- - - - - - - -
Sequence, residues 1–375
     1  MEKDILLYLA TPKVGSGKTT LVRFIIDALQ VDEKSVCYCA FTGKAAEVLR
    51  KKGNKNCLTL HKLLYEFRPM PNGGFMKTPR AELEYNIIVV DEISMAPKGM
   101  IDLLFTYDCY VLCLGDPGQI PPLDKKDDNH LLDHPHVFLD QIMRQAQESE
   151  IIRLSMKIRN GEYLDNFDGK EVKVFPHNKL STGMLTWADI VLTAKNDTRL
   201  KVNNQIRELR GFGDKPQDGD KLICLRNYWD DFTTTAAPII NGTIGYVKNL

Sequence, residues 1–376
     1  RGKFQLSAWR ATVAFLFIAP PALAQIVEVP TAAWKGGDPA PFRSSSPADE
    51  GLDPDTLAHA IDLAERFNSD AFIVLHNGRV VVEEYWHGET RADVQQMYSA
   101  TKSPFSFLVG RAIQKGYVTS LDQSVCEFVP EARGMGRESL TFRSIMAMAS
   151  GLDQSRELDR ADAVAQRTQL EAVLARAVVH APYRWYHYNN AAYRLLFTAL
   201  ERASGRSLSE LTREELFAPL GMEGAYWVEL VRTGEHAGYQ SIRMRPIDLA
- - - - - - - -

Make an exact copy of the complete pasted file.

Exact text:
Sequence, residues 1–375
     1  MEKDILLYLA TPKVGSGKTT LVRFIIDALQ VDEKSVCYCA FTGKAAEVLR
    51  KKGNKNCLTL HKLLYEFRPM PNGGFMKTPR AELEYNIIVV DEISMAPKGM
   101  IDLLFTYDCY VLCLGDPGQI PPLDKKDDNH LLDHPHVFLD QIMRQAQESE
   151  IIRLSMKIRN GEYLDNFDGK EVKVFPHNKL STGMLTWADI VLTAKNDTRL
   201  KVNNQIRELR GFGDKPQDGD KLICLRNYWD DFTTTAAPII NGTIGYVKNL

Sequence, residues 1–376
     1  RGKFQLSAWR ATVAFLFIAP PALAQIVEVP TAAWKGGDPA PFRSSSPADE
    51  GLDPDTLAHA IDLAERFNSD AFIVLHNGRV VVEEYWHGET RADVQQMYSA
   101  TKSPFSFLVG RAIQKGYVTS LDQSVCEFVP EARGMGRESL TFRSIMAMAS
   151  GLDQSRELDR ADAVAQRTQL EAVLARAVVH APYRWYHYNN AAYRLLFTAL
   201  ERASGRSLSE LTREELFAPL GMEGAYWVEL VRTGEHAGYQ SIRMRPIDLA